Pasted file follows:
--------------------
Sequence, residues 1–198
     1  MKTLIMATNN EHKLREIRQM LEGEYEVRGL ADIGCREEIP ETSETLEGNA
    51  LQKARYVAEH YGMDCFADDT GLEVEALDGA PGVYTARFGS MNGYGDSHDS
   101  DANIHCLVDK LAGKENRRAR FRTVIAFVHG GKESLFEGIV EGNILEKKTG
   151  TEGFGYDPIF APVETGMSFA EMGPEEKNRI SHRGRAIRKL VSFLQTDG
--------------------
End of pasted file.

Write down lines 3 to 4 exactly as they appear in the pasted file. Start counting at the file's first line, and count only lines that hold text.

    51  LQKARYVAEH YGMDCFADDT GLEVEALDGA PGVYTARFGS MNGYGDSHDS
   101  DANIHCLVDK LAGKENRRAR FRTVIAFVHG GKESLFEGIV EGNILEKKTG